The New Mexico Nature in Prisons Project: A Successful First Year

By Ella Samuel, Melanie Gisler, & Lillis Urban
January 2019

More than 7,000 people are currently incarcerated in New Mexico state prisons, and this number is only projected to rise (See Source below; New Mexico prison population forecast, 2017). Despite a large and growing inmate population, New Mexico correctional facilities have few educational programs that support rehabilitation and reentry into civic life. Inspired by the Sagebrush in Prisons project, in January 2018 the Institute for Applied Ecology Southwest Office and Bureau of Land Management launched the New Mexico Nature in Prisons Project (NPP). This educational project and partnership with New Mexico correctional facilities and inmates is designed to support native plant restoration on public lands while simultaneously supporting rehabilitation and skill building for reentry in the areas of horticulture, conservation, and leadership. This project is customized to the local ecology, cultures, and inmate population needs.

In 2018, a permanent hoop house was built in April at the Penitentiary of New Mexico Minimum Restriction Unit (PNM MRU), where, with the help of inmates, we were able to grow thousands of seeds from local wild collections of shrubs and showy pollinator host plants. The shrub species included fourwing saltbush (Atriplex canescens), mountain mahogany (Cercocarpus montanus), winterfat (Krascheninnikovia lanata), and apache plume (Fallugia paradoxa); while the pollinator host forbs included common sunflower (Helianthus annuus), redwhisker clammyweed (Polanisia dodecandra), and upright prairie coneflower (Ratibida columnifera). This collaborative effort resulted in 5,000 plants, half of which were out-planted by PNM inmates and volunteers at BLM recreation sites near Taos and Chimayo, New Mexico, in the fall.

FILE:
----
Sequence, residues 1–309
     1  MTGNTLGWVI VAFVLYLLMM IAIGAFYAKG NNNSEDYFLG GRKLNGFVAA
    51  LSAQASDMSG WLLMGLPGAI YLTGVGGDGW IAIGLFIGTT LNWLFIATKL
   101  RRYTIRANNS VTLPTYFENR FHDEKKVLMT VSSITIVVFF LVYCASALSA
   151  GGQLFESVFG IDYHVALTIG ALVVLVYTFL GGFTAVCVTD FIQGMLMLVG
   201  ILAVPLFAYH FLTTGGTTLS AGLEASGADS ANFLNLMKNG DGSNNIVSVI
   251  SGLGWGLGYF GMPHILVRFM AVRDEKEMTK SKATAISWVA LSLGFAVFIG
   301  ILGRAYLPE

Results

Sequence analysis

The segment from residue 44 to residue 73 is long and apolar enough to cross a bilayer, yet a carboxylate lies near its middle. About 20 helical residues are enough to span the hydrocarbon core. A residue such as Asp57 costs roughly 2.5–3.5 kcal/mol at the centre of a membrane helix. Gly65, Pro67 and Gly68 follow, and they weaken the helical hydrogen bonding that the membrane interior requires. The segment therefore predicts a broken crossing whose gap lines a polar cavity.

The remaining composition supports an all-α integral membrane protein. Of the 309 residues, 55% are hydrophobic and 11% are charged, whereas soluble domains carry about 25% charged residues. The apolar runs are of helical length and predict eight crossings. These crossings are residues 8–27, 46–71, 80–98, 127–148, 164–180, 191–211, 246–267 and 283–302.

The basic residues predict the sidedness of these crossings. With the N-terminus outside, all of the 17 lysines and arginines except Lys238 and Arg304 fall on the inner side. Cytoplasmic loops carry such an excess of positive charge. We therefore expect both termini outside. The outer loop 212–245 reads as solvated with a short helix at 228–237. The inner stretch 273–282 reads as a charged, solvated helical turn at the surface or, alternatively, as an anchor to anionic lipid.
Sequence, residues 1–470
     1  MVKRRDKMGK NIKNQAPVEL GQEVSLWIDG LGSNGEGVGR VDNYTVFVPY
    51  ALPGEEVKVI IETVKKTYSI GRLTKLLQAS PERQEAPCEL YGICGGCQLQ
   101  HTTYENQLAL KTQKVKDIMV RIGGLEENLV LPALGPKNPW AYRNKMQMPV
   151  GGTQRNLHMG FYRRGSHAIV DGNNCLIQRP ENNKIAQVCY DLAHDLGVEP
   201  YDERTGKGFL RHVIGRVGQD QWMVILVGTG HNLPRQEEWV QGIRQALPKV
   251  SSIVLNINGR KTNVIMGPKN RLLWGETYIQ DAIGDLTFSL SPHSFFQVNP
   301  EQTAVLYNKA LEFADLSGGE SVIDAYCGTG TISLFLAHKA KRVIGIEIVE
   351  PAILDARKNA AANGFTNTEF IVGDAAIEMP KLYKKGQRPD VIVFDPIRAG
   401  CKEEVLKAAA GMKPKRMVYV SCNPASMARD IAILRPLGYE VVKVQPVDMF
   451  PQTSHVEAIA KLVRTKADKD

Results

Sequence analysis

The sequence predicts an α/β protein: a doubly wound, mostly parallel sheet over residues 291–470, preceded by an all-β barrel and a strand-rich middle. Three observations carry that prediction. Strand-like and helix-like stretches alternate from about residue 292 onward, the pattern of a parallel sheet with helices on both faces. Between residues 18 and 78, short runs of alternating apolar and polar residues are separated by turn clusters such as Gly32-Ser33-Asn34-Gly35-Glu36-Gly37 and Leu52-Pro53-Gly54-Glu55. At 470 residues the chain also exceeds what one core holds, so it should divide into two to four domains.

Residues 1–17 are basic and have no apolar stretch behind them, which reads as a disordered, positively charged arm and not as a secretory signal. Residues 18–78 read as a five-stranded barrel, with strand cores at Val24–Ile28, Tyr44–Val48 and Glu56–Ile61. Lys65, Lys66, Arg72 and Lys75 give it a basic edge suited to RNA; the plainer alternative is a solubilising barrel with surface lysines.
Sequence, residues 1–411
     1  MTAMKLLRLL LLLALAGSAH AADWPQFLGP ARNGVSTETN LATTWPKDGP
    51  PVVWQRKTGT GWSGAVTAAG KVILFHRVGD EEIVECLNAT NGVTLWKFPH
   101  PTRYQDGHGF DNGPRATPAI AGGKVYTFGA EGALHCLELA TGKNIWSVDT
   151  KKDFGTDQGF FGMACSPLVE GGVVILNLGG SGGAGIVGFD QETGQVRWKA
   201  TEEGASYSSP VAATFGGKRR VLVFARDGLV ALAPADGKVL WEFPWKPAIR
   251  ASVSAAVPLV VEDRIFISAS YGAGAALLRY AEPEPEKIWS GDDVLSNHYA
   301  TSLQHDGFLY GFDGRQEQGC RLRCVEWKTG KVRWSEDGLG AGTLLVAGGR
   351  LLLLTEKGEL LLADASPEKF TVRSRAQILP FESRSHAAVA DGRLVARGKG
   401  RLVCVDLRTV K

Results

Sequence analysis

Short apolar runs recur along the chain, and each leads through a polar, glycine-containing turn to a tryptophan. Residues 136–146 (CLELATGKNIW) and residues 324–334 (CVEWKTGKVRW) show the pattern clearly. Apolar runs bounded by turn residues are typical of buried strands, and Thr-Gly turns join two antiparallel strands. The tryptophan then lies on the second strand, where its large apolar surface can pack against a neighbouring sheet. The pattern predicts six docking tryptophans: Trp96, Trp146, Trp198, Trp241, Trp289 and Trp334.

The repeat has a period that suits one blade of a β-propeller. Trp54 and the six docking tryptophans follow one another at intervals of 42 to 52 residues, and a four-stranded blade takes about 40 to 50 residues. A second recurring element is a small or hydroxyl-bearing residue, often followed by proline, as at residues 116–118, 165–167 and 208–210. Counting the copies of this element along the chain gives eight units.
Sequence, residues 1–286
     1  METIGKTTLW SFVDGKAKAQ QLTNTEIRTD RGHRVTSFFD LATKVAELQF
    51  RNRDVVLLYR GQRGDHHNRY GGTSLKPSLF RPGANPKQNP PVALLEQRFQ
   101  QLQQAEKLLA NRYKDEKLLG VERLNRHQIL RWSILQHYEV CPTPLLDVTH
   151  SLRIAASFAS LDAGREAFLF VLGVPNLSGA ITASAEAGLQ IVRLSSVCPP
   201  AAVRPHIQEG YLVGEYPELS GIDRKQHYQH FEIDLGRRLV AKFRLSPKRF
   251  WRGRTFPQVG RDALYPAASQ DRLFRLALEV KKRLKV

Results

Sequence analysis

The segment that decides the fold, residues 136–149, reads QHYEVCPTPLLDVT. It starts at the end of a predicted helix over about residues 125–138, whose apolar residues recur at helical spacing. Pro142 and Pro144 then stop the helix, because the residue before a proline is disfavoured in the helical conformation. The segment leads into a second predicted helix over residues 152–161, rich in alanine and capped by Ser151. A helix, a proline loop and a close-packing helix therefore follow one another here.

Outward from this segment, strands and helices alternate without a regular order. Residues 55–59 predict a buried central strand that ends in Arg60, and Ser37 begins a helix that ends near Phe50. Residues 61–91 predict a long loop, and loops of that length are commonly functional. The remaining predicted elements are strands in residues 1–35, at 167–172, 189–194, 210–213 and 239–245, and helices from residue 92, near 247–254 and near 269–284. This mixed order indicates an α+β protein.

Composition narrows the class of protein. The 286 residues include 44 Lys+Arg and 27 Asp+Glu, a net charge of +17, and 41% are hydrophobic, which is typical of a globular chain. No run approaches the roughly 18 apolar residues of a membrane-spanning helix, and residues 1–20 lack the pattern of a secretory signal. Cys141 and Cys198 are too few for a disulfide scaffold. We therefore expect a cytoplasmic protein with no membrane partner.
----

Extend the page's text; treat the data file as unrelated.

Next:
The NPP education and horticultural skill-building curriculum included presentations by 10 guest speakers on the topics of botany, ecology, horticulture, restoration, pollinators, and herbalism, as well as weekly hands-on plant care workshops widely offered to the PNM MRU community. Eighteen inmates participated in the education series and restoration planting days, and many more helped construct the hoop house. Participants provided highly positive feedback on end of program surveys.  One participant reflected, "It was very exciting to learn about the different species of native plants and their importance in the ecosystem." Another participant said, “I am actually having fun!”  We are so grateful to the inmates and staff members involved in the project who have made the program come alive this year.

It is exciting that major strides were made in just one year through this collaboration in all program areas: education, partnership, capacity building, production, and restoration. Plans for 2019 will expand the program to include construction of a cold frame, production of 5,000 more plants, installation of an ethnobotany garden, monitoring, and planting trials. We will also continue to provide meaningful opportunities for participants to learn about restoration by getting them out into natural areas to plant native species that they grew.

Please visit our webpage to learn more.


New Mexico prison population forecast: FY 2018―FY 2027. (July 2017). Retrieved from

2018 Nature in Prisons project hoophouse growing native species

2018 four wing saltbush seedlings